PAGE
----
Lament is frequently represented as a musical paradox in Greek tragedy. From Cassandra’s nomos anomos (“tuneless tune”) in Aeschylus’ Agamemnon to the description of mourning as “unmusical” in Euripidean drama, the musicality of lamentation tends to be simultaneously stressed and negated. The motif of the “unmusical muse” has been viewed in terms of its emotive affect—the pleasure produced by songs of suffering (Segal 1993). Little attention has been paid, however, to how this relates to a more fundamental issue, namely the tension between lament’s musicality and its frequent characterization as inarticulate noise. In this paper I demonstrate how closely intertwined these two aspects are in the performance and conceptualization of lament in tragedy, as well as in ritual practice.
The “unmusical” quality of lament does not contradict its extreme musicality: rather, the genre incorporates the sounds from which more crafted mourning music—even song itself—is thought to develop (on lament as originary mousikē, see Ford 2010, Steiner 2013). These are the spontaneous, emotional wails (góoi) of ritual lament, which are preserved in tragic representations of mourning through references to mere noise and the incorporation of cries like aiai. The nightingale, the archetypal mourner, encapsulates lament’s twofold nature. Like the song she produces, she is a model of supreme musicality, as her name (aēdōn) suggests. But in tragedy, the bird’s identification with lament is based on both the melodic complexity of her song and the acoustic correlation between her sound and the cries of mourning that were originally associated with the góos. This combination is especially clear when the chorus of Agamemnon compares Cassandra’s nomos anomos to the nightingale’s “insatiable cry” (1143).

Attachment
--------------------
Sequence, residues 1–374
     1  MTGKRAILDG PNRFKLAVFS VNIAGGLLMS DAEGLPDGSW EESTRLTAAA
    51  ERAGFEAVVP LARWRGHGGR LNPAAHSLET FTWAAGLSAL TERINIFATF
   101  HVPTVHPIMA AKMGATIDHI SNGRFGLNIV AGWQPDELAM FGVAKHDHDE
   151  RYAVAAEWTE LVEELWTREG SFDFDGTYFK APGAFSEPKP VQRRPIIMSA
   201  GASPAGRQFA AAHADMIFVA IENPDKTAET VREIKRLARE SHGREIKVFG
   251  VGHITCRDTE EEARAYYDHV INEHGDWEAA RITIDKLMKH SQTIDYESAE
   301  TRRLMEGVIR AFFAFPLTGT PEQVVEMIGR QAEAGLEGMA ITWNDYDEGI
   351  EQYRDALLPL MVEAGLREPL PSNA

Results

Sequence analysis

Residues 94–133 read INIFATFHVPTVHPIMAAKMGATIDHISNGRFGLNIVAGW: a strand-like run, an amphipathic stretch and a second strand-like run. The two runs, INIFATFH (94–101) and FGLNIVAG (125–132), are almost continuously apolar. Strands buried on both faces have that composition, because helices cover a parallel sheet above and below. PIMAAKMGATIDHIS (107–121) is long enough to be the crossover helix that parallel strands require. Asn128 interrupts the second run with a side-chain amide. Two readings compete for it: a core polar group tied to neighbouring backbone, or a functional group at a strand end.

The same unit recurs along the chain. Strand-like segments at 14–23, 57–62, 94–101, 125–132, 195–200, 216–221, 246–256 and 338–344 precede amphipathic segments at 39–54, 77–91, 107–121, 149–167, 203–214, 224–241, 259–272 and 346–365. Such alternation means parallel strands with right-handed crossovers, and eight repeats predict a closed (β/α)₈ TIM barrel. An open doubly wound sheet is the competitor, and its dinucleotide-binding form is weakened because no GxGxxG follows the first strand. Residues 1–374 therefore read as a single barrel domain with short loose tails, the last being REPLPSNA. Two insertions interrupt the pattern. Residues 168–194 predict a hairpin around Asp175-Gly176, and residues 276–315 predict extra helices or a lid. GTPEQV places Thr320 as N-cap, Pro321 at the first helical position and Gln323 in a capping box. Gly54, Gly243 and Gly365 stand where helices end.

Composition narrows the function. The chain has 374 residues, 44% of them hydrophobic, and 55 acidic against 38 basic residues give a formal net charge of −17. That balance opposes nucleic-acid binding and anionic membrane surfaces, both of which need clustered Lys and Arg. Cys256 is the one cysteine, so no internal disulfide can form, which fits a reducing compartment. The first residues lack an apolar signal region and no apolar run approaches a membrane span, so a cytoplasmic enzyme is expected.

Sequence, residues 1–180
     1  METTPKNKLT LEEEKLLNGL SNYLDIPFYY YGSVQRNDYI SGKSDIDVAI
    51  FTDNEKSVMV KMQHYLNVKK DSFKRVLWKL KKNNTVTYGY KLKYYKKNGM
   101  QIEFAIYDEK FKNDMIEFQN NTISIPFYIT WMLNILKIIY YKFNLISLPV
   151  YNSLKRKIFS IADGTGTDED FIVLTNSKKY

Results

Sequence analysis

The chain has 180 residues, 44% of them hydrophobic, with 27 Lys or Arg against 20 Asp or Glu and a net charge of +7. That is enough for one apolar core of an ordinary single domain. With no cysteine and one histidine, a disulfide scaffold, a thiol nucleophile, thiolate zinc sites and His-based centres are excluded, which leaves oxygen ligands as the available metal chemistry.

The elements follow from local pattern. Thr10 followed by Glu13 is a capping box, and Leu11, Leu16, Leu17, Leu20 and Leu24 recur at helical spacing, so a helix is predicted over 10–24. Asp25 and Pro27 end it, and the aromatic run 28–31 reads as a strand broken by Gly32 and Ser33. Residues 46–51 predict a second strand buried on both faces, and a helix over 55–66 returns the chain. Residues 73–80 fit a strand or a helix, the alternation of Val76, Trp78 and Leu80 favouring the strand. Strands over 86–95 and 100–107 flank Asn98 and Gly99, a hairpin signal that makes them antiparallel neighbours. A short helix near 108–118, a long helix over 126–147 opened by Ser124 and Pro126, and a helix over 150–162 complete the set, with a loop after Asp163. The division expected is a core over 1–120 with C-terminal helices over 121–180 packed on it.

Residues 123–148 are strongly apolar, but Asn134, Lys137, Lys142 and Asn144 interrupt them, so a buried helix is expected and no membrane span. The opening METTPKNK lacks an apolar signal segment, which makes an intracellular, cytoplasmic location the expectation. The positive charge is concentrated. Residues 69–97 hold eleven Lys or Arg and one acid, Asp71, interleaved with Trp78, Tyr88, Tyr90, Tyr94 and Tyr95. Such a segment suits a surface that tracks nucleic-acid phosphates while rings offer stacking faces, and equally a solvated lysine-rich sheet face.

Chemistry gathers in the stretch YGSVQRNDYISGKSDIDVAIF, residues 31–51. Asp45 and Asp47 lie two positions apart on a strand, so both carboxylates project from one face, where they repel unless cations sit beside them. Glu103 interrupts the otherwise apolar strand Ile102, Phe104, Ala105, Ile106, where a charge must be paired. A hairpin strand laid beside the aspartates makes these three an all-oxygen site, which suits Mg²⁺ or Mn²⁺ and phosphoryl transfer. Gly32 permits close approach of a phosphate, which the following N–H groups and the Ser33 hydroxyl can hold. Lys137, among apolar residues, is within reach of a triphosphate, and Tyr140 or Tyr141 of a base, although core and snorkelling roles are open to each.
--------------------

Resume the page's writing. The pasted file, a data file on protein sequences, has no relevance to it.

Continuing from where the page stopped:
The twofold conceptualization of the nightingale’s song may explain its association with the aulos in tragedy (Barker 2004). I argue that this results not only from a perceived acoustic similarity based on complex modulation, but from the idea that both the instrument and the bird, as well as the lament she sings, produce nonverbal noise that can threaten speech (logos). Such “noise” is a fundamental part of their extreme musicality. Indeed, in cultures where ritual lament still survives today, wailing can be the melodically most complex form of song, partly because it lacks linguistic features, and thus often stands as opposed to oratory as a form of public performance (Graham 1986, Feld 2012). I suggest that, rather as the aulos was deemed especially exciting as a result of its overwhelming musical force (e.g. Arist. Pol. 1342b), so lament’s ability to override logos is tied to its power to stir up dangerous emotions (Alexiou 1974, Holst-Warhaft 1992).
The second part of my paper explores how tragedians exploit the idea of lament as contrary to logos, particularly in the representation of foreigners. It has often been noted that lament in tragedy, especially in Aeschylus and Euripides, tends to be associated with women and foreigners, reflecting ambivalence about its practice in the democratic polis (Loraux 1986, 1998, 2002; Hall 1999, 2002). On a conceptual level, tragedians use lament as a marker of foreignness to contrast barbarian abandonment with Greek moderation. I show how, on an acoustic level, the nonverbal aspects of lament can produce an illusion of foreign speech as opposed to Greek logos. Aeschylus particularly exploits this effect in Persae, giving the impression of incomprehensible language through the repetition of typical cries of lament and other short words that become virtually vocables. The Phrygian Slave in Euripides’ Orestes also demonstrates the acoustic association of foreign speech with lament through his report of the murder attempt on Helen—a frantic lament which includes many repeated cries and a phonetic play between “a” and “i” sounds and the word “Asia.” I suggest that his song is to be heard in contrast with the earlier messenger speech, highlighting the reduction of language to emotional, inarticulate cries in the mouth of a foreigner.
Ancient Music and the Emotions